STEELE, MO (KFVS) - Five pit bulls seized when police raided a Steele, Missouri home on Friday appear to be recovering.
Investigators suspect the homeowner of running a dog fighting ring.
Animal investigators say it has become a big problem in the past couple of years.
In this case, a Steele police detective says she kept an eye on the dogs from afar after noticing them outside in the heat and cold without food, water or shelter.
When investigators finally went inside the suspect's home, they say they found a lot worse.
Investigators point out what they call "battle wounds" on the pit bulls -- torn ears, deep scars on their faces and injuries on their bodies.
Captain Beverly Alexander also points out the fighting stance a couple of the dogs take - tails tucked between their legs, allegedly trained to pounce with a simple flick of the hand.
In fact, the difference between the alleged fighter dogs and the suspect's stud dog is stunning.
He's friendly as can be, and even tries to get my attention.
"If they don't perform, the owners will get mad and shoot them," Alexander said. "Guns are at all the fights, we have felons carrying weapons, we have large amounts of cash and we have drugs."
Beside the pit bulls, Alexander says police also found other signs that pointed to dog fighting inside the Steele home.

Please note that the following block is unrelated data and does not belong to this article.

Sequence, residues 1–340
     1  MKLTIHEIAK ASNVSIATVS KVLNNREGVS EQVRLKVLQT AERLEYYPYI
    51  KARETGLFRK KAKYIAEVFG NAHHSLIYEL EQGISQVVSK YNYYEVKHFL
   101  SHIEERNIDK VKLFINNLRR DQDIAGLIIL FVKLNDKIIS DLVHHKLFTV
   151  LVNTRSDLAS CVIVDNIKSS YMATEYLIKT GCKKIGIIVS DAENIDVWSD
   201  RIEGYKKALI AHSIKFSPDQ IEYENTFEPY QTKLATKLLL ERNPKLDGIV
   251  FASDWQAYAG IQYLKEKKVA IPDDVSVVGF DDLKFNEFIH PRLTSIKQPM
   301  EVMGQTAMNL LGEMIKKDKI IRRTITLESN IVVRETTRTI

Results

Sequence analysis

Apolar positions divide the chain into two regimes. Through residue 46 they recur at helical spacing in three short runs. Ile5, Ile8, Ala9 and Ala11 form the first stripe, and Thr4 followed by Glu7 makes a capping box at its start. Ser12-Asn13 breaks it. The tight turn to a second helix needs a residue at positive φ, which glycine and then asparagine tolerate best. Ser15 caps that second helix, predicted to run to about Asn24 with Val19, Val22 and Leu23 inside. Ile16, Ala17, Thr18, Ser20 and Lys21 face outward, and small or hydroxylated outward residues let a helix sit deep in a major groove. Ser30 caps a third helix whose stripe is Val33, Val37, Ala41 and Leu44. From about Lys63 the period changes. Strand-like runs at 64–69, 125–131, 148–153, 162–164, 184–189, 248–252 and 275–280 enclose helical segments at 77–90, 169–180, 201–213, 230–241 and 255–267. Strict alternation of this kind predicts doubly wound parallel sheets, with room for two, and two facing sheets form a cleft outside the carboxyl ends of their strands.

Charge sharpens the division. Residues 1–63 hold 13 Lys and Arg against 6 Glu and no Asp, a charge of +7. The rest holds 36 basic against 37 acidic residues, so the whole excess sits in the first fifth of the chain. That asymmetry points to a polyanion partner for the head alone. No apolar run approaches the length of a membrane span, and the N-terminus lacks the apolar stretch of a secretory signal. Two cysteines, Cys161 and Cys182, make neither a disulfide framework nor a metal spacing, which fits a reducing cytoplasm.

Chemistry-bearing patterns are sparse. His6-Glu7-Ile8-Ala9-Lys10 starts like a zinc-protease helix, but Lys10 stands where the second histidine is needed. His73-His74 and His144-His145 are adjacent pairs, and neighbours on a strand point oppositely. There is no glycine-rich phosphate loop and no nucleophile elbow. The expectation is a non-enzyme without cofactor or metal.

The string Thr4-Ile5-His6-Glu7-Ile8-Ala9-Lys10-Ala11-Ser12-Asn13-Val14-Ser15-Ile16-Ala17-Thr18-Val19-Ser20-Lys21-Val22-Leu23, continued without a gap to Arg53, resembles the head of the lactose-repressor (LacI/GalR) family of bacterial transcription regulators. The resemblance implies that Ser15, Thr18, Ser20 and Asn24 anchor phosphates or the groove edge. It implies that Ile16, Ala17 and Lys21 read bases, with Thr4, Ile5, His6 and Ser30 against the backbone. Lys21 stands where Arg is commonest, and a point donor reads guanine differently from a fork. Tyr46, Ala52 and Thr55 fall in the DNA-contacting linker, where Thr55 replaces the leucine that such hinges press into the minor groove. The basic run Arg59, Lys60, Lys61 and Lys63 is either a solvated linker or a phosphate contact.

"We did locate a handgun, we located over $1100 in cash, a couple of bite poles used to pry dogs apart when they are fighting and weights they used to tie to the dogs to train them and make them stronger," she said.
Caruthersville Humane Society workers say it's a growing problem.
They took in seventy pit bulls last year alone, many with severe injuries and trained to be vicious.
"I think in our area it's money and the thrill of the fight," Karol Wilcox said. "Pit bulls are a huge deal in the three state area that border us."
Police blame people in the neighborhood in Steele for not speaking up when they noticed signs of an alleged dog fighting ring in their own backyard.
They believe people were afraid of the suspect, but police say often times the quickest way to put an end to such problems is by speaking out.
"If you have five pit bulls they are either selling them, or training them to fight," Alexander said. "People in the county need to start being responsible."
There is now a tip line set up to report suspected dog fighting operations. That number is 1 (877) 920-0101.
A conviction could net you a $5000 reward.
In the meantime, the suspects at that home have not been arrested, but authorities say formal charges are pending.